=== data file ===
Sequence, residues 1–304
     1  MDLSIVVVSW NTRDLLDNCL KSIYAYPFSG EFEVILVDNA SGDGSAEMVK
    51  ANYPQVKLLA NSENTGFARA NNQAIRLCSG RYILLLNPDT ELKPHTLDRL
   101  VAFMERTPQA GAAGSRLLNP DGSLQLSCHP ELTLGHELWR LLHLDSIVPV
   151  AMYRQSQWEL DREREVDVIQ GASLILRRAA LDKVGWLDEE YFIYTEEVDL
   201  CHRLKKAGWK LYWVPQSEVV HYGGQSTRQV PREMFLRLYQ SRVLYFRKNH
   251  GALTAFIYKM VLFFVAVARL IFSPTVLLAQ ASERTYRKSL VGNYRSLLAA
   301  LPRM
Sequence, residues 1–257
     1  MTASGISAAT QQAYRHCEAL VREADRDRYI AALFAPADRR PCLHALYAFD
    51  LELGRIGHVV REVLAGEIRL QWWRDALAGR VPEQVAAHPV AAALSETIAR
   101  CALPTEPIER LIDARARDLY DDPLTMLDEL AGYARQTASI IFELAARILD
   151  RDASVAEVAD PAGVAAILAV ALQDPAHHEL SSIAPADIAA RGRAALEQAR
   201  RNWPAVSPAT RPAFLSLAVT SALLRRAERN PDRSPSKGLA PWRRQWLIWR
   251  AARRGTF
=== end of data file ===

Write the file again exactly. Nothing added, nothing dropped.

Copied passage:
Sequence, residues 1–304
     1  MDLSIVVVSW NTRDLLDNCL KSIYAYPFSG EFEVILVDNA SGDGSAEMVK
    51  ANYPQVKLLA NSENTGFARA NNQAIRLCSG RYILLLNPDT ELKPHTLDRL
   101  VAFMERTPQA GAAGSRLLNP DGSLQLSCHP ELTLGHELWR LLHLDSIVPV
   151  AMYRQSQWEL DREREVDVIQ GASLILRRAA LDKVGWLDEE YFIYTEEVDL
   201  CHRLKKAGWK LYWVPQSEVV HYGGQSTRQV PREMFLRLYQ SRVLYFRKNH
   251  GALTAFIYKM VLFFVAVARL IFSPTVLLAQ ASERTYRKSL VGNYRSLLAA
   301  LPRM
Sequence, residues 1–257
     1  MTASGISAAT QQAYRHCEAL VREADRDRYI AALFAPADRR PCLHALYAFD
    51  LELGRIGHVV REVLAGEIRL QWWRDALAGR VPEQVAAHPV AAALSETIAR
   101  CALPTEPIER LIDARARDLY DDPLTMLDEL AGYARQTASI IFELAARILD
   151  RDASVAEVAD PAGVAAILAV ALQDPAHHEL SSIAPADIAA RGRAALEQAR
   201  RNWPAVSPAT RPAFLSLAVT SALLRRAERN PDRSPSKGLA PWRRQWLIWR
   251  AARRGTF